Issue of writs
Writs for the election of senators are issued by the state governor (Constitution, s. 12). The practice is for the governors of the states (when the elections are concurrent) to fix times and polling places identical with those for the elections for the House of Representatives, the writs for which are issued by the Governor-General.
In practice, the Prime Minister informs the Governor-General of the requirements of section 12 of the Constitution, which provides that writs for the election of senators are issued by the state governors, observes that it would be desirable that the states should adopt the polling date proposed by the Commonwealth, and requests the Governor-General to invite the state governors to adopt a suggested date. Theoretically, a state could fix some date for the Senate poll other than that suggested by the Commonwealth, provided it is a Saturday. Different states, too, could fix different Saturdays for a Senate poll.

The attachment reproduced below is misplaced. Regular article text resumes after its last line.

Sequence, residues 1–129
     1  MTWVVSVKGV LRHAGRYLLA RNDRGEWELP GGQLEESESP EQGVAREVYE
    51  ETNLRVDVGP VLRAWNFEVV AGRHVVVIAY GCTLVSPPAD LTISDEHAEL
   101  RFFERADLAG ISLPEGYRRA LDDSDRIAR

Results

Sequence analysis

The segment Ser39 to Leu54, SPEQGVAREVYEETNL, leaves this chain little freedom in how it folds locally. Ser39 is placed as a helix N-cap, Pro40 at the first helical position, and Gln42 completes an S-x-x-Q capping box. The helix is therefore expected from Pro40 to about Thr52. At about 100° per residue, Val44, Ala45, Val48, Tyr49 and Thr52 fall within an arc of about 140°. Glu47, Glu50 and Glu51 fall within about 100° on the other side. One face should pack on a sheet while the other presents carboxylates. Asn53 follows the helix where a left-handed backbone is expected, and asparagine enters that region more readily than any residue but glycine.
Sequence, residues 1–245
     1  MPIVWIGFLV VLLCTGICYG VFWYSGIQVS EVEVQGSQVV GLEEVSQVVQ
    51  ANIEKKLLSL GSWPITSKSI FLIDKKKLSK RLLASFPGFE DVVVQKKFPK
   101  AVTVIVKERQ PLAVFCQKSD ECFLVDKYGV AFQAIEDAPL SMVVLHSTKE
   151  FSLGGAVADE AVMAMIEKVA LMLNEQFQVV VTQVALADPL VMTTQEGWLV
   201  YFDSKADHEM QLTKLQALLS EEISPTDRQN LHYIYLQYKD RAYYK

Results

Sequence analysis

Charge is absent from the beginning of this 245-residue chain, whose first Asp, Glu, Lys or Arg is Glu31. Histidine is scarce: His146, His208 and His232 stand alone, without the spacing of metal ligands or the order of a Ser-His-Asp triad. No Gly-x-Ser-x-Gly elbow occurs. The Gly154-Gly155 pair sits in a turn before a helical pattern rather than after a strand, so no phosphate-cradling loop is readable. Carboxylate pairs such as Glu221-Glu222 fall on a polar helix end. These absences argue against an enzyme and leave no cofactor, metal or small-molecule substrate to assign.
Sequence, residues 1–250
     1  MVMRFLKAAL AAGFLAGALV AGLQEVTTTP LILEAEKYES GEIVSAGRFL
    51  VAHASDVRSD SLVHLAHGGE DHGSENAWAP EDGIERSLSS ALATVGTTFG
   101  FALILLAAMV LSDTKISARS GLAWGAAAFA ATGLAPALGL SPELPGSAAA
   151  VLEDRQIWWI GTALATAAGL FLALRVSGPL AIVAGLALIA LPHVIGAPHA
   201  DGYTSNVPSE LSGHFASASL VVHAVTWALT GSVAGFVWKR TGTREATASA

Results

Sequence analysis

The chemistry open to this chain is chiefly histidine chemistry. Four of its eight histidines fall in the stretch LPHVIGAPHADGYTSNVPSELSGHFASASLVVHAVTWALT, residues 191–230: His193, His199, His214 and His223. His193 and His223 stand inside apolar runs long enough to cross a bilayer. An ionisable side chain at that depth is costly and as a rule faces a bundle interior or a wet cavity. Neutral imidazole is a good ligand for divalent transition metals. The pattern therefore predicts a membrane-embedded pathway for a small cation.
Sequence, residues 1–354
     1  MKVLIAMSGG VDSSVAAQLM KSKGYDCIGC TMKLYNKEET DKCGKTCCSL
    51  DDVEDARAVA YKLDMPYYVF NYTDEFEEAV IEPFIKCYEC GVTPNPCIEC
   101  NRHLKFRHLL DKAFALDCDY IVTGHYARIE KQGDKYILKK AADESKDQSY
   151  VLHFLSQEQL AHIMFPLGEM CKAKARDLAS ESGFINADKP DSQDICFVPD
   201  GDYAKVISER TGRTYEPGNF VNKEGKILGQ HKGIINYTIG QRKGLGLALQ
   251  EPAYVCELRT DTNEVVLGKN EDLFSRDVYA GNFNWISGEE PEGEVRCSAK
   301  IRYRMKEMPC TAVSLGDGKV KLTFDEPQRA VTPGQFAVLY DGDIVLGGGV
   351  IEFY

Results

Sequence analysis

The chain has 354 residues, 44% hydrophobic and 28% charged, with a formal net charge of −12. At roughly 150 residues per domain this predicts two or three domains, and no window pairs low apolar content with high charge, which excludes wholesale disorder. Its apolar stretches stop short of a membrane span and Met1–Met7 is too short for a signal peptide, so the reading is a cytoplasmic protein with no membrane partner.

This power vested in the states to issue writs for Senate elections, fixing the date of polling, gives expression to the state basis of representation in the Senate.
The Constitution provides that, in the case of a dissolution of the Senate, writs are issued within ten days from the proclamation of the dissolution (s. 12).
The Governor-General issues the writs for elections of territory senators.
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